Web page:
Three phone calls to the general 10111 number had repeatedly connected him to the Police in Gauteng, he said and after having informed the Police of the incident they had not yet been to the business by the time of going to press.
In its investigation Polokwane Observer was given the lead to Procost Quantity Surveyors in Hans van Rensburg Street where burglars have hit four times since the beginning of last year, it was learnt. According to quantity surveyor Mash Ledwaba he had discovered two incidents on Saturdays around September/October last year and in January this year respectively. They have lost a lawn mower and 10 wheelbarrows that were removed from a back room during the incidents while suffering damages to glass panes and doors.
While role players who were interviewed alluded to security companies not reacting timely or monitoring security threats brought to their attention, the deployment of resources by the Police was raised as a general concern. While it is being argued that resources shouldn’t be used as an excuse for delays in reaction time, sources in Limpopo Police ranks highlighted the hampering of service delivery – both in the city and remote rural locale – due to lack of manpower, resources and expertise.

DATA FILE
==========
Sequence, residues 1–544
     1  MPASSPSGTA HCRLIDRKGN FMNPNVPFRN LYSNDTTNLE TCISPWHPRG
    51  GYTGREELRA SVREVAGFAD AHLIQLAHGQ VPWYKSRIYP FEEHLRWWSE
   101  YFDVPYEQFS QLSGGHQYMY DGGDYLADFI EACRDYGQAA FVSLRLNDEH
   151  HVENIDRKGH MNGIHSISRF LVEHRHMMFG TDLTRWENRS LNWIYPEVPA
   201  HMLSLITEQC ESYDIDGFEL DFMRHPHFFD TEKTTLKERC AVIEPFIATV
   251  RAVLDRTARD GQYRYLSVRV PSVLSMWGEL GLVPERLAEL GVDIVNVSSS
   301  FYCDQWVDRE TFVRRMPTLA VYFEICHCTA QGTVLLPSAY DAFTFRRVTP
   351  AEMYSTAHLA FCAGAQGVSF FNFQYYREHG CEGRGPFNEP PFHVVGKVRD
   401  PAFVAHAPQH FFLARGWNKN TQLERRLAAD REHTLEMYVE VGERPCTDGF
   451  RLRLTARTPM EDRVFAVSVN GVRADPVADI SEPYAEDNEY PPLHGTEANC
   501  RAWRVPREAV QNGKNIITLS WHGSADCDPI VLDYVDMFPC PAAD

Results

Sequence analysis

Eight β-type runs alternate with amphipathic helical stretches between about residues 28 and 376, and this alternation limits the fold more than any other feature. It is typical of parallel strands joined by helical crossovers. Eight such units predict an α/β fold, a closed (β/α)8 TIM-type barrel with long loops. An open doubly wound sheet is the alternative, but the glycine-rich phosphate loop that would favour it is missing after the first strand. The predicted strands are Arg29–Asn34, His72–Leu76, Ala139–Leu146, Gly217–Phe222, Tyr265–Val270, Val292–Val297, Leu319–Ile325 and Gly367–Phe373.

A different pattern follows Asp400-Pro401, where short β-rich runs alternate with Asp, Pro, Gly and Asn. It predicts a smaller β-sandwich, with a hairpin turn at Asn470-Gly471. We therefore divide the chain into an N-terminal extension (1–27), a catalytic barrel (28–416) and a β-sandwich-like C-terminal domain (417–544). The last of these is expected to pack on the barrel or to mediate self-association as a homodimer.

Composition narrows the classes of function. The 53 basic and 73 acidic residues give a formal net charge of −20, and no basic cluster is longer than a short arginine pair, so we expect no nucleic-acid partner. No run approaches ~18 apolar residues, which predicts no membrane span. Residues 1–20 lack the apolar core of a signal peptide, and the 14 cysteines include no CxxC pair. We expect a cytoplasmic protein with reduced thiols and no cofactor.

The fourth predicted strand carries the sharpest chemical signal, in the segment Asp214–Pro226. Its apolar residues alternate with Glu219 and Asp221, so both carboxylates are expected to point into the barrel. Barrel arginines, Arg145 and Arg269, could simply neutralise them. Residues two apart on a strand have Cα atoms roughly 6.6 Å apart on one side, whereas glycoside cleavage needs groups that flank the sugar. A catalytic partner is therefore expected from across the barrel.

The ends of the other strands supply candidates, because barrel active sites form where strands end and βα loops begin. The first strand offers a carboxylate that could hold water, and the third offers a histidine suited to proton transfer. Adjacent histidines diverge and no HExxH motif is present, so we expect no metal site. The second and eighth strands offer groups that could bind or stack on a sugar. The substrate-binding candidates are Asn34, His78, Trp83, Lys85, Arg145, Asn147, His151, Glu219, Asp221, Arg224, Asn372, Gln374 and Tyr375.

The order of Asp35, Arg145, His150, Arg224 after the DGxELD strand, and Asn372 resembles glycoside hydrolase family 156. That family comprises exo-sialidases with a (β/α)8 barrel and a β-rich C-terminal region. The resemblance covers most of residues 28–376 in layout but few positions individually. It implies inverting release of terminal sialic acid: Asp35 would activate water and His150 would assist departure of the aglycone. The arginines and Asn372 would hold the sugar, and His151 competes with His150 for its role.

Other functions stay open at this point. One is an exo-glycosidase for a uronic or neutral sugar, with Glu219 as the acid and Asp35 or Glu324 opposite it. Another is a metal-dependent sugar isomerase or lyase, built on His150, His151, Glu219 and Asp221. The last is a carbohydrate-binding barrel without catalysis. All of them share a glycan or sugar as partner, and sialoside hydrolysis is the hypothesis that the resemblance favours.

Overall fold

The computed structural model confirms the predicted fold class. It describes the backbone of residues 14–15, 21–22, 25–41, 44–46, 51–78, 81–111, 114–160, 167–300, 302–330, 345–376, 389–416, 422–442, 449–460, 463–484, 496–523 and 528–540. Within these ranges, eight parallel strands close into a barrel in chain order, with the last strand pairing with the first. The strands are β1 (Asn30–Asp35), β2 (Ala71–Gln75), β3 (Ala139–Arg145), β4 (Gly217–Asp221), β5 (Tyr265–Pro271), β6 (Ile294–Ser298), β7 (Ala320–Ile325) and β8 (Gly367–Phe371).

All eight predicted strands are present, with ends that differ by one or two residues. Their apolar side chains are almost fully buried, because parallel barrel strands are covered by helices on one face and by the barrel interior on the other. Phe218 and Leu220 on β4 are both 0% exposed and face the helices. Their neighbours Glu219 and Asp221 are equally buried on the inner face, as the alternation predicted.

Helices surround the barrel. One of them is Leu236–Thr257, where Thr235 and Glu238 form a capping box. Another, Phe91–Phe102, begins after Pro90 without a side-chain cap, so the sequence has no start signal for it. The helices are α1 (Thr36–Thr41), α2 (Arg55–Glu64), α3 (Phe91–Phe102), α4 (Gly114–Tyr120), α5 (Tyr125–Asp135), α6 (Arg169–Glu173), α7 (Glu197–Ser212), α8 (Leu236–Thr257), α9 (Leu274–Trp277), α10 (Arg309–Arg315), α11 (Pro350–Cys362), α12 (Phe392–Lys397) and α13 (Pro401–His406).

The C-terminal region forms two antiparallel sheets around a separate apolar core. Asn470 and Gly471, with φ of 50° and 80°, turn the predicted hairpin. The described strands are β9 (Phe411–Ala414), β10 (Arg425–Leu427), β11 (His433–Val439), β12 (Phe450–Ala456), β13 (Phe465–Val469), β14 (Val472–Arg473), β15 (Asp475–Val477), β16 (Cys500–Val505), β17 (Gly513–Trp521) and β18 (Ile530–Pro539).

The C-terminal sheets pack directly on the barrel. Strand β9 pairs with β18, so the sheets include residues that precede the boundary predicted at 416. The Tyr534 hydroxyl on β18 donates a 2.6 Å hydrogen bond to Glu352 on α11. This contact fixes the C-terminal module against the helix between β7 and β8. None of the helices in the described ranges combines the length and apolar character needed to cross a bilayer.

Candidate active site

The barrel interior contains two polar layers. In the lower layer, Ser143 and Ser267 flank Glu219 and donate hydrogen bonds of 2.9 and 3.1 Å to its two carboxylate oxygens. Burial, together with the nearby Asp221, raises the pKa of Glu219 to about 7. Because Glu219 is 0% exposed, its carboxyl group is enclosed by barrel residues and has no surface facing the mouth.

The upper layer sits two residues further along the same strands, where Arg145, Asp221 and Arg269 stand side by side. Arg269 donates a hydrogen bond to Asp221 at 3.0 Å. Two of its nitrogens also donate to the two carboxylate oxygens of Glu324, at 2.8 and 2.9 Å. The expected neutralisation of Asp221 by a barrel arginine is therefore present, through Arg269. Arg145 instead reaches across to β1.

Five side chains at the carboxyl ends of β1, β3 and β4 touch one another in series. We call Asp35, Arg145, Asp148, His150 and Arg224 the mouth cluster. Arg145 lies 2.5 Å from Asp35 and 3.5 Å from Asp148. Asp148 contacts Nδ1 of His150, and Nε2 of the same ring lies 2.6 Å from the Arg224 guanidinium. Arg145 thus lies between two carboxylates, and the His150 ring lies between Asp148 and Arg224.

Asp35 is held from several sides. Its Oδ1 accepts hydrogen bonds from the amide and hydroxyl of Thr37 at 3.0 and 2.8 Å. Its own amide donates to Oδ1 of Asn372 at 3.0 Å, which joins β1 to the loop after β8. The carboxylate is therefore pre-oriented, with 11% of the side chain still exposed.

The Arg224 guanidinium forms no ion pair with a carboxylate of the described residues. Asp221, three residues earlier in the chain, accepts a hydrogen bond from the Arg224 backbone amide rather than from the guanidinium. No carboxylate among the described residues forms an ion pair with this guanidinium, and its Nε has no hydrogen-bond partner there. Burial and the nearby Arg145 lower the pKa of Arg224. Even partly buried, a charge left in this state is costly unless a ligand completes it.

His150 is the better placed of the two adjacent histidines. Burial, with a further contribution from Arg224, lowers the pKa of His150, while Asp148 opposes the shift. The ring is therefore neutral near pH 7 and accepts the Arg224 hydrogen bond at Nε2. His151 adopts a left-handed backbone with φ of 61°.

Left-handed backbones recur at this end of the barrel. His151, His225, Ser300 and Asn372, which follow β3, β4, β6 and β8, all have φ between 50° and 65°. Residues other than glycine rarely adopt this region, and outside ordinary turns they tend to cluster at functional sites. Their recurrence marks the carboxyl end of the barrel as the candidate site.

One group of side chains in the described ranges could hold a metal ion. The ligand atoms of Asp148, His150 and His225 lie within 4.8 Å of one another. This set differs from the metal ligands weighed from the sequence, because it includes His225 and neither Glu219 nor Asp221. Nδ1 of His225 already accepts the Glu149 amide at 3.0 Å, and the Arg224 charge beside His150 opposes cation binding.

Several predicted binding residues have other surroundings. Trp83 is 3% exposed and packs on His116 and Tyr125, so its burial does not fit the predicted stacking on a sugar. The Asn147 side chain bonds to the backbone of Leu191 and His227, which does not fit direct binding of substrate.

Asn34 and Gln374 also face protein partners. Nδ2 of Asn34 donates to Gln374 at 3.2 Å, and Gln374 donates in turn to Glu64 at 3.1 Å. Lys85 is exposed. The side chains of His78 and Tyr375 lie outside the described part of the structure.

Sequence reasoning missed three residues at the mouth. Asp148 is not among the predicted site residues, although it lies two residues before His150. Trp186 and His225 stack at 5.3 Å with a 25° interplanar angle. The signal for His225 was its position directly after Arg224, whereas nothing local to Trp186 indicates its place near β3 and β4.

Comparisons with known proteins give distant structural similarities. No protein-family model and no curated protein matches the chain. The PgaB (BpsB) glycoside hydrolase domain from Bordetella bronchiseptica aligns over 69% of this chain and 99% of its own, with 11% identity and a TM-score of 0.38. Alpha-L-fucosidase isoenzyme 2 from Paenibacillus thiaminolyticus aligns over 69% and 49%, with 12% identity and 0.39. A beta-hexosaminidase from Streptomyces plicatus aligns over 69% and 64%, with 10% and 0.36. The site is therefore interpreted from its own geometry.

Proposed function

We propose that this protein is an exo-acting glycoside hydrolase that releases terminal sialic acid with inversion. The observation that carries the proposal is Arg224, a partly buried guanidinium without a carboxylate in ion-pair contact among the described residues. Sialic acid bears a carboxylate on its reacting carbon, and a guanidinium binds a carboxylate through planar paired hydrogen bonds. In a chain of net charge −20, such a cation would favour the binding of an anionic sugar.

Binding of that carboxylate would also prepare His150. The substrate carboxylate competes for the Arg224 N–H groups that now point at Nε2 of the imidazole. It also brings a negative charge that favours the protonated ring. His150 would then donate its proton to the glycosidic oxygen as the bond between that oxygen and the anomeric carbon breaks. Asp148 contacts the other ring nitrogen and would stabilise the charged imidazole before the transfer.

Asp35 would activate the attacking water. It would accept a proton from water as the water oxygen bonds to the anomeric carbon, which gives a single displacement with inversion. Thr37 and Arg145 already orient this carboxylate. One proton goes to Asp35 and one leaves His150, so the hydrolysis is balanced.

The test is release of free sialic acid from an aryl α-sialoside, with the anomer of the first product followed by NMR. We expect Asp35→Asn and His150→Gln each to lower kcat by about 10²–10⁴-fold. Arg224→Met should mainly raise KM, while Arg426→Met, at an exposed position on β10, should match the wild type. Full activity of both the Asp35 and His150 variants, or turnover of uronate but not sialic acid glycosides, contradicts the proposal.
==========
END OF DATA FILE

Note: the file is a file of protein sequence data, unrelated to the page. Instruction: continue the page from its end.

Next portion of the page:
Polokwane Observer was given a copy of a strong-worded circular issued by Provincial Police Commissioner Nneke Ledwaba on 1 March wherein he addressed the matter of transport. He stressed that Police management had noted with regret that there were still members who spread wrong information about the shortage of transport in the service. He referred to 212 vehicles having been distributed to various clusters, stations and units to alleviate the shortage of transport.
“The process is ongoing and the issue of lack of transport is being addressed at the highest level and members must use transport sparingly.
“However, no member can outrightly hide behind the lack of transport instead of assisting members of the community and provide the service.” He warned that steps would be taken against any member portraying the Police in a negative way.
Ironically it was Ledwaba himself who was perceived to be ignoring the threat of possible bloodshed that loomed in a downtown taxi rank on Sunday when he failed to secure backup for a group of close to 90 taxi operators from Gauteng requesting Police to enforce a court order allowing them to load passengers. (See story elsewhere)
Commenting on the matter Provincial Police Spokesperson Mamphaswa Seabi responded saying he couldn’t confirm the statistics with regard to the incidents on the weekend. He said one incident of housebreaking was one too many and as a result they had put in place strategies to fight all crimes, including housebreaking and theft but were appealing to the community to support them with quality and reliable information about all problematic crimes to enable the Police to deal with it.